I haven’t blogged all that much about the drought. It hasn’t really affected me as much as I might have expected. Certainly I see a lot of dried out lawns around the Bay Area and I’ve stopped watering my garden for the most part. I’ve done more lawn conversions this year and for the most part lately I’ve been holding off on new plantings until (hopefully) the rains come back. But many impacts of the drought have been off-camera so to speak. So I felt a little shocked when we went up to Saddlebag Lake on the east side to see it had turned into Saddlebag Ditch. There aren’t many things uglier than a reservoir with no water.
Last week we went out to Bishop for a wedding and then afterwards spent the rest of the week camping in the area. We went a few different places, including three days at Rock Creek, where I made several watercolors along the creek heading up from our campground to the lake, my first watercolors of the year.
Though it’s called Rock Creek, the prominent feature in that section is a beautiful riparian grass. I’m not sure the species.
Up top, Rock Creek Lake is a beautiful alpine lake surrounded by pines and aspens. It seemed like peak time for the coloring of the aspens, a great time to be there.
One of my recent projects includes some containers for a roof garden. I don’t generally do a lot of containers, and it can be a struggle to find the right ones. These are from Tournesol. They make a number of products and I see their advertising in various magazines, but I wonder if this was a small project for them that didn’t have their full attention because they were a frustrating company to work with. There were long waits for estimates and other information, the turnaround time was a couple of months, and then the containers showed up without the specified drainage holes on the bottom, which was irritating because they had made us specify and draft out the holes for each container. For the price we paid, we shouldn’t have needed to drill our own holes. I’m curious if other people have had similar experiences. I like the containers and how they fit into the space without distracting from the views, but it was a lot of effort to get them and I doubt I’d use Tournesol again.
I grew up in the suburbs, so it’s always kind of amazing to me to be up on a rooftop like this. A different type of Bay Area garden space than I usually get to work in.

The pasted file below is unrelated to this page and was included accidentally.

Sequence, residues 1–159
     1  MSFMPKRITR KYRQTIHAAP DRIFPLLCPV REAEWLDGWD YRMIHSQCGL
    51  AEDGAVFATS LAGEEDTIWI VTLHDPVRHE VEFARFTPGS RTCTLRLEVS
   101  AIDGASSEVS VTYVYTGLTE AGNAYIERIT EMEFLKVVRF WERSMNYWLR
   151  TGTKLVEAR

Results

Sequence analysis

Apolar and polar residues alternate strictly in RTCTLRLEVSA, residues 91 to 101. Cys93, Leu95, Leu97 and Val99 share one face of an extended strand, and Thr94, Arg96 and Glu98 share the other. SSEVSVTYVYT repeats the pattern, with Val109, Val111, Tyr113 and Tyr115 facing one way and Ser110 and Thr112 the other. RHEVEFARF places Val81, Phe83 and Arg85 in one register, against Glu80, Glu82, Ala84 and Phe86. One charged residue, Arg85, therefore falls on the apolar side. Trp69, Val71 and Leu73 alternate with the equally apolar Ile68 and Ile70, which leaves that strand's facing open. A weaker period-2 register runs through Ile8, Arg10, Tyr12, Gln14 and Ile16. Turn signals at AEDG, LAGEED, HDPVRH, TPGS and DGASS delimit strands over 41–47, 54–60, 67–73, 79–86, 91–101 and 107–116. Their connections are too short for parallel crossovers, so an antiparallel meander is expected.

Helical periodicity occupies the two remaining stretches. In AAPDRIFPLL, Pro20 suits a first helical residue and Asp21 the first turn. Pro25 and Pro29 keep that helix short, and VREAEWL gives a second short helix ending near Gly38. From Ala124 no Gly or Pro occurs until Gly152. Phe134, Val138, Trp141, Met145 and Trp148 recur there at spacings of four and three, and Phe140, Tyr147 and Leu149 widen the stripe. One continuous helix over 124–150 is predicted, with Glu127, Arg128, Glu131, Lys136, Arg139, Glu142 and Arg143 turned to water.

I’m not particularly interested in figurative renaissance sculpture but this is an interesting story. An important Renaissance sculpture, Tulio Lombardo’s Adam, fell over and shattered into twenty eight major pieces and hundreds of smaller fragments. Instead of quickly glueing it back together around a metal armature, the restoration team took took over a decade to painstakingly restore it using a reversible adhesive and pins in only the ankle and a knee. Quite a process. There’s a cool time-lapse of the restoration here.
Our garden is looking pretty sad these days. I’m not watering much, and a lot of the plants look drought stricken, struggling to hang on until the rumored El Niño arrives. Plus our dog has been marauding through the veggie garden chasing squirrels. One spot — where she repeatedly slams to a halt after missing the squirrel — looks like a shallow bomb crater. The only happy plants are the larger ones that she has to avoid and the ones that are safely raised up in containers, out of the trample zone. Far and away the best thing in our garden right now is the Scarlet Monkey Flower, Mimulus cardinalis, in our greywater bed.
Above is what the greywater bed looked like in November when I rebuilt it and replanted it with two Juncus and several divisions of Scarlet Monkey Flower. Below is a similar view only eight months later. Needless to say, the Scarlet Monkey have thrived. We’ve had profuse blooms for nearly two months.
They make such a profusely blooming mass that I don’t always notice the form of the flowers, but up close I like the flowers quite a bit. They aren’t the most refined looking plant, they reseed a bit, and they do best with good amounts of water, but they’re a good plant, perhaps one of the most underutilized natives. I don’t know a lot of flowering natives that thrive with greywater, so as that kind of planting becomes more common, maybe we’ll start to see them used more.
These are some of the other works that caught my eye at the Noguchi Museum. He worked in an impressive variety of styles and stone, with interesting variations within each style, and it was great seeing them together in one museum, seeing the continuity and the juxtapositions. In the last post, I showed some of the large basalts which were mostly concentrated in the first room of the museum. These other ground floor rooms hold work from a broader selection of time periods, styles, and types of stone. There’s also a room upstairs with works that are generally smaller in scale and feel more domestic.
These polished marble works use a tensioned cable on the inside to hold them together. If you click on the photo above, you can faintly see that the weird, striped, bone-shaped sculpture has a stone plug filling the access hole for the cable.
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